In late March 2004, NSIDC received improved Geoscience Laser Altimeter System (GLAS) data products from the Ice, Cloud, and land Elevation Satellite (ICESat). New data from GLAS laser number two yield improved processing software and laser-pointing accuracy for the altimetry products, and improved calibration for the Level-1A atmospheric product. IDL-based visualization software will be available soon to assist users in reading and displaying ICESat/GLAS data at the product web site.
Institute of Arctic Biology (IAB) researcher Donald (Skip) Walker and an international team of Arctic vegetation scientists have published the Circumpolar Arctic Vegetation Map (CAVM) – the first map of an entire global biome at such a level of detail.
The 11-year CAVM project, directed by Walker, who also heads IAB's Alaska Geobotany Center at the University of Alaska Fairbanks, involved vegetation scientists representing the six countries of the Arctic – Canada, Greenland, Iceland, Norway, Russia, and the United States – to map the vegetation and associated characteristics of the circumpolar region, using a common base map.
“A vegetation map of the Arctic is especially needed now because the Arctic is increasingly recognized as a single geoecosystem with a common set of cultural, political, economic, and ecological issues. Accelerated land-use change and climate change in the Arctic made the effort more urgent,” Walker said.
The base map is a false-color infrared image created from Advanced Very High Resolution Radiometer (AVHRR) satellite data. The map covers the Arctic bioclimate subzone – the region north of the Arctic tree line – with an arctic climate, arctic flora, and tundra vegetation. The map can be viewed online.
The front of the map shows the circumpolar Arctic color coded according to the outward appearance of the vegetation with color photographs of the various units. The back of the map includes detailed vegetative descriptions, a brief history of the map's origin, and maps of the bioclimate subzones, floristic provinces, landscapes, percent lake cover, substrate pH, and plant biomass.
The CAVM is the first to cover the entire Arctic at a reasonable level of detail using a common legend approach. In fact, it is the first map of an entire global biome at such a level of detail.
The CAVM project was funded by the National Science Foundation, the U.S. Fish and Wildlife Service, the U.S. Geological Survey, and the U.S. Bureau of Land Management. More information on the CAVM project is available at the project web site.
The annual CAMS meeting was held in Beijing, China, 12-14 January 2004. NSIDC's Tingjun Zhang gave an invited talk entitled “Cold Land Processes on the Tibetan Plateau: Progress and Problems.” Zhang gave a comprehensive overview on the status of snow cover and near-surface soil freeze/thaw cycle studies on the Tibetan Plateau from in situ measurements, satellite remote sensing, and numerical modeling. He also proposed a long-term field measurement program to monitor changes in snow cover and frozen soils on the Tibetan Plateau. After the CAMS Annual Meeting, Zhang visited the Institute of the Tibetan Plateau, the Chinese Academy of Sciences (CAS), the Society of Tibetan Plateau Research, and the China Meteorological Administration (CMA), to plan the upcoming Fourth International Symposium of Tibetan Plateau to be held in Lhasa, Tibet Autonomous Region of China, 4-6 August 2004. NSIDC will be one of the Symposium co-sponsors.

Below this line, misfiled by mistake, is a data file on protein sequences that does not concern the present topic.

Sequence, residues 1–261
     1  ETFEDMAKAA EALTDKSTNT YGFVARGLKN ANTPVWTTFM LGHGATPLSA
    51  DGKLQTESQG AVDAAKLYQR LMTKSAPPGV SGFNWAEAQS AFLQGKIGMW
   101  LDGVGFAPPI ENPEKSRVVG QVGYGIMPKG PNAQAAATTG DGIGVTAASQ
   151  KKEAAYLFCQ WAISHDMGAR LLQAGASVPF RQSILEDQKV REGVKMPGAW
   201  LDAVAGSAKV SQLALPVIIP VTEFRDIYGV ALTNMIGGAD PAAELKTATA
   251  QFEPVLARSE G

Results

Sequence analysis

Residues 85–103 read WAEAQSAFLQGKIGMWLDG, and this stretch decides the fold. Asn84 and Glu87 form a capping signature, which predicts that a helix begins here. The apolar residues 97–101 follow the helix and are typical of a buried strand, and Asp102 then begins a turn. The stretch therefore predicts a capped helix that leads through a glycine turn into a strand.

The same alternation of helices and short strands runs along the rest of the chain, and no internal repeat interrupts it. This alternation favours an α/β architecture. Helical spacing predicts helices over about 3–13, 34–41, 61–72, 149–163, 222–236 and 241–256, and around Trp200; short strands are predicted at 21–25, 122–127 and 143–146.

On 23 January 2004, Dr. Mark Serreze, Research Scientist at NSIDC/CIRES,
presented a Cryospheric and Polar Processes Division Seminar.
The seminar examined the role of human impacts and natural variability affecting climate, ice cover, vegetation, and oceanic and atmospheric circulation patterns in the Arctic region. For more information on the topic, please see visit NSIDC's event page.
NSIDC Director Roger Barry and Dr. George Kukla of Lamont Doherty Earth Observatory (LDEO), New York, organized and convened a meeting 7-9 January on “Central Arctic: Battleground of Natural and Man-Made Climate Forcings.” The meeting, which was held at and supported by LDEO, was attended by 25 scientists, including one each from Poland and Russia. Papers were presented on present and past Arctic climate and sea ice from observational and modeling studies. A meeting report is being prepared for submission to EOS, Transactions of the American Geophysical Union.